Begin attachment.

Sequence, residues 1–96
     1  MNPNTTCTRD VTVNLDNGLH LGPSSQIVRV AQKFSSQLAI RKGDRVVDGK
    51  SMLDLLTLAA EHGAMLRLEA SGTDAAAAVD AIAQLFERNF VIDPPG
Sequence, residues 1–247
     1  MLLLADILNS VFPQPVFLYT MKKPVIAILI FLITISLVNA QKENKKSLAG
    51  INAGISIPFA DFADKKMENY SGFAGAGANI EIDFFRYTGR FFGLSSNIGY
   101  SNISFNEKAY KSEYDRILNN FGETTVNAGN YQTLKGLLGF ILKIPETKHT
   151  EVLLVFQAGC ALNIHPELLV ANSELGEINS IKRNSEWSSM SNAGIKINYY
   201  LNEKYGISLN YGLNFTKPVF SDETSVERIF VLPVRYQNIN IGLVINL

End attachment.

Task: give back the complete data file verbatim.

Sequence, residues 1–96
     1  MNPNTTCTRD VTVNLDNGLH LGPSSQIVRV AQKFSSQLAI RKGDRVVDGK
    51  SMLDLLTLAA EHGAMLRLEA SGTDAAAAVD AIAQLFERNF VIDPPG
Sequence, residues 1–247
     1  MLLLADILNS VFPQPVFLYT MKKPVIAILI FLITISLVNA QKENKKSLAG
    51  INAGISIPFA DFADKKMENY SGFAGAGANI EIDFFRYTGR FFGLSSNIGY
   101  SNISFNEKAY KSEYDRILNN FGETTVNAGN YQTLKGLLGF ILKIPETKHT
   151  EVLLVFQAGC ALNIHPELLV ANSELGEINS IKRNSEWSSM SNAGIKINYY
   201  LNEKYGISLN YGLNFTKPVF SDETSVERIF VLPVRYQNIN IGLVINL